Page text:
If you’re still unsure, check out the following email example:
Dear Mr. Timms,
What times work for you? I’m keen to get the interview process underway as soon as possible.
All the best,
6. When Works for You?
While “what times work for you?” is a respectful and specific question, “when works for you?” is a slightly different synonym.
Don’t get us wrong; it’s still effective. However, it works differently.
You can ask “when works for you?” when setting up plans with colleagues outside of work. Generally, it’s quite an informal question, which implies that you have a good relationship with the email recipient.
Here’s an example to help you understand it:
When works for you? I would like to meet this week. So, let me know your schedule, and I will accommodate you.
All the best,
7. Let Me Know Which Time Slot Works Best
Instead of “please let me know your availability,” you can say “let me know which time slot works best.” It’s a great way to offer multiple times and let the recipient decide.
For instance, you may want to set up a meeting with your employees. You can provide them with three or four available slots and see which ones work best for them.
Let’s say you send each time slot to every employee. They can all then vote on the one that works for their schedule.
From there, whatever time slot gets the most votes will be the time of your meeting. It’s a great way to respect everyone’s schedule simultaneously without overlooking those who might be too busy.
You may also refer to the following example:
Let me know which time slot works best to schedule a meeting about this. It’s vital that you reply ASAP.
All the best,
8. Please Let Me Know When You Can Do This
You may also write “please let me know when you can do this” instead of “please let me know your availability.” It works best when you want to set up a meeting but don’t want to suggest any times.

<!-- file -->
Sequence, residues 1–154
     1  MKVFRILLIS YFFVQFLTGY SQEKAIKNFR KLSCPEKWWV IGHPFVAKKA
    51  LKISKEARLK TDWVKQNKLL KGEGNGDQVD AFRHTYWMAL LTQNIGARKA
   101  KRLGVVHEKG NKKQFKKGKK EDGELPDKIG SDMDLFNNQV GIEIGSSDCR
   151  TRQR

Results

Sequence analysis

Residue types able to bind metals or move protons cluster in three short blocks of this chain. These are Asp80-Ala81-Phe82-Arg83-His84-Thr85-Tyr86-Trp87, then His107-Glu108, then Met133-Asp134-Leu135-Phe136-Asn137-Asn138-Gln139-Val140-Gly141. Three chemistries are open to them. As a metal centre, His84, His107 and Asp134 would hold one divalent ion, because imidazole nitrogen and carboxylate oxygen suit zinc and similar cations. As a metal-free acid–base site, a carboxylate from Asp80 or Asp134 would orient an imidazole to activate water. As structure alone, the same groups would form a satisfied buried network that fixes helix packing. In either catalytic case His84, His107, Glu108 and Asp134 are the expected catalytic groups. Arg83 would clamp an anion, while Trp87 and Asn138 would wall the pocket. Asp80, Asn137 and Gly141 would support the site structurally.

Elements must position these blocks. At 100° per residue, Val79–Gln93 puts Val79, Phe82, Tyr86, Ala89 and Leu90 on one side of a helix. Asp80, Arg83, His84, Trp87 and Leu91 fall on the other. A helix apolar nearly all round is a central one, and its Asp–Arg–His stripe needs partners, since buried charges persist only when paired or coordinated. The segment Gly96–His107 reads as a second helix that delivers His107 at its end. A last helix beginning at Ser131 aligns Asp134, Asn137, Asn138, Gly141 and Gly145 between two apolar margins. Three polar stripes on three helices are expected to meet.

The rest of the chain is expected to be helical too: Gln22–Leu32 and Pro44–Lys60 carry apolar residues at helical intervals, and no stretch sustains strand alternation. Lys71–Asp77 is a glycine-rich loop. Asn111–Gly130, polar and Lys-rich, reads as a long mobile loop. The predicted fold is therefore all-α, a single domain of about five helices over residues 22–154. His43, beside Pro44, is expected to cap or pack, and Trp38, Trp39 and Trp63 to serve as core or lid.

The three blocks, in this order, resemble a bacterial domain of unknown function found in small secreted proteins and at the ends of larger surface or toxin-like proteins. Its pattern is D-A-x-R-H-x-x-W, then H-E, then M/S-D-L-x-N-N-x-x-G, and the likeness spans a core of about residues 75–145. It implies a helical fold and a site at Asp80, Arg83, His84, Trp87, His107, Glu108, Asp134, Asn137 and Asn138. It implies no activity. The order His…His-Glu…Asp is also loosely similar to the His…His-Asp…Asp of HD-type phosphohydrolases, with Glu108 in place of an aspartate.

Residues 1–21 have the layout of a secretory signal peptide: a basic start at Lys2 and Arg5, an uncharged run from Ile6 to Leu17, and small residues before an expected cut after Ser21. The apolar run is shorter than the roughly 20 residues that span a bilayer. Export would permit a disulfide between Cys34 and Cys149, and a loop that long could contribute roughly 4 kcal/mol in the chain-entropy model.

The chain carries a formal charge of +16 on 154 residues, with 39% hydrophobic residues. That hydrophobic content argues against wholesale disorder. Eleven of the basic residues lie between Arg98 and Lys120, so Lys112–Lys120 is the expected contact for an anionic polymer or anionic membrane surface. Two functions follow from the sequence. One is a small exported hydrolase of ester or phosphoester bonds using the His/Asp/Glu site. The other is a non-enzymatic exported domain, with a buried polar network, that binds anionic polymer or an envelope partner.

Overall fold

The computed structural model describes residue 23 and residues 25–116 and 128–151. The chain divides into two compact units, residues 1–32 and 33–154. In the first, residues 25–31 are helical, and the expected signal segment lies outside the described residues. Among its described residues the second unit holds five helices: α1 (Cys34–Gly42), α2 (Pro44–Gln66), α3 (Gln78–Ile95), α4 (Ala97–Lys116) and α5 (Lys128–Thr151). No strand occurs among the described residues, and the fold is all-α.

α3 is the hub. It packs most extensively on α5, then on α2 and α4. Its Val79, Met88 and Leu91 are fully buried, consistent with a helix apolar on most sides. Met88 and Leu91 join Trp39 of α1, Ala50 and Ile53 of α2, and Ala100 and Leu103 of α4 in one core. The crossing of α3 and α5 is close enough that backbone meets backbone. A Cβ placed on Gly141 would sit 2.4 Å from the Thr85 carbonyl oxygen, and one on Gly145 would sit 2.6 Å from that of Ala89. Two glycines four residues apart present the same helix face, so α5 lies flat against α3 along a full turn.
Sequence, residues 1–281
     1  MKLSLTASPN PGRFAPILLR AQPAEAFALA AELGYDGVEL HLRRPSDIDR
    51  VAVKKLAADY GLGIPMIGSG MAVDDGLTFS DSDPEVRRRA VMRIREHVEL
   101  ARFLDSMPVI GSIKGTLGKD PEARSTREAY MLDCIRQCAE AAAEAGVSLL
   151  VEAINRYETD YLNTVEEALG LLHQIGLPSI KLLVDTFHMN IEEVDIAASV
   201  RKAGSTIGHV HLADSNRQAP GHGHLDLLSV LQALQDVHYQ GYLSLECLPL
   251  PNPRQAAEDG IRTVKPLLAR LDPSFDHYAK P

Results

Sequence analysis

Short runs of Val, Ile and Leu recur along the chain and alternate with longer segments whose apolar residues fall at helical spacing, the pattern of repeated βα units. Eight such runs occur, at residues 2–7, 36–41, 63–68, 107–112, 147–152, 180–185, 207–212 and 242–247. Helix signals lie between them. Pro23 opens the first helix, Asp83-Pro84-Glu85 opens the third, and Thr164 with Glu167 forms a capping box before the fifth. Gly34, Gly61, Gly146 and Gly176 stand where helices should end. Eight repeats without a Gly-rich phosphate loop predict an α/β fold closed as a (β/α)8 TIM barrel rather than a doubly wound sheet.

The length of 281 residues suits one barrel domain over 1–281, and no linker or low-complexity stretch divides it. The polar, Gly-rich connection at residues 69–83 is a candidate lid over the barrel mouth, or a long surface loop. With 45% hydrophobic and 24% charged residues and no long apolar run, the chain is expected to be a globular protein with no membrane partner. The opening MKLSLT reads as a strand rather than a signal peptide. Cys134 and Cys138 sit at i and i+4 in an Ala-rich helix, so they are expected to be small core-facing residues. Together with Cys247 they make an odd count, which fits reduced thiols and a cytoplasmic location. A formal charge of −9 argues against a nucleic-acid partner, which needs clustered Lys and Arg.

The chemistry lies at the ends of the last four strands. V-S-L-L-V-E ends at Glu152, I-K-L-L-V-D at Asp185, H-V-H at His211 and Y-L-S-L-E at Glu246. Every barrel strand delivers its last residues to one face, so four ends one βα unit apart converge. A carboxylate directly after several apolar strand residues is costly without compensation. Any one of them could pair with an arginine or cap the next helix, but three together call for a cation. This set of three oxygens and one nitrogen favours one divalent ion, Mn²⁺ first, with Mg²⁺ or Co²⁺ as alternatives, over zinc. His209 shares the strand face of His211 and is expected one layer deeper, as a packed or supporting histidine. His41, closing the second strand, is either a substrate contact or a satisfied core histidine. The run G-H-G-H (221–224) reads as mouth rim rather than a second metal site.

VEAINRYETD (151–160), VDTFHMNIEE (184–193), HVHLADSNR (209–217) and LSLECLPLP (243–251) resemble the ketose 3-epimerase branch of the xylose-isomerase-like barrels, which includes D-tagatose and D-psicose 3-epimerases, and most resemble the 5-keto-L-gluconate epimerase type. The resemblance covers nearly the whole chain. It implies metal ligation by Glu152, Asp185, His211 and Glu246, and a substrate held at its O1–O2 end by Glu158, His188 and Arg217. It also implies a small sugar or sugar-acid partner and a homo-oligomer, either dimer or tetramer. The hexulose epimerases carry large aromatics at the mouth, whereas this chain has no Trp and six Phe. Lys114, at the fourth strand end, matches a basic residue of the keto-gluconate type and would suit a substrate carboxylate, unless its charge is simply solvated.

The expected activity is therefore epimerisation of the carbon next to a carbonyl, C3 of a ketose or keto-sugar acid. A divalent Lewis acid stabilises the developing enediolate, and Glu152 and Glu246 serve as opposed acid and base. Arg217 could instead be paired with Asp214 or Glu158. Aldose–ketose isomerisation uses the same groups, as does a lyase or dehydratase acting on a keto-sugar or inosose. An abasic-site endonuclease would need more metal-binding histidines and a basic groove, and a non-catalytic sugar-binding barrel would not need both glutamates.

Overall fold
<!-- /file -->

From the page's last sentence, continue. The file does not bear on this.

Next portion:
Generally, you will use this when emailing your boss. It shows that you don’t know when they’re free and don’t want to make any assumptions before booking them for a meeting.
Here’s an email example to show you how it works:
Please let me know when you can do this because I would like to discuss this matter with you personally.
Thank you so much,
9. When Would You Like to Arrange This?
A polite and formal question like “when would you like to arrange this?” also goes a long way. We recommend it in business emails when setting up meetings or plans with people you work with.
For instance, it works when emailing colleagues. Maybe you’d like a group of people to get together for a business lunch to discuss a team project.
This phrase is a great way to find out when the team wants to arrange the meeting.
Also, check out this example:
When would you like to arrange this? I have some availability coming up that you might be interested in.
All the best,
10. When Are You Free?
If you’re looking for a simple alternative to “please let me know your availability,” you can also try “when are you free?” It’s a simple question that does the trick.
It works best when emailing colleagues you get along well with. It shows that you’re asking for a rough idea of their schedule without directly specifying any time slots.
It’s certainly more friendly than some other alternatives. So, it might not work in every formal setting.
Check out this email sample to find out how it works:
When are you free to have a call about this? I’d like to hear what you have to say about the whole thing.
Thanks so much,
Martin holds a Master’s degree in Finance and International Business. He has six years of experience in professional communication with clients, executives, and colleagues. Furthermore, he has teaching experience from Aarhus University. Martin has been featured as an expert in communication and teaching on Forbes and Shopify. Read more about Martin here.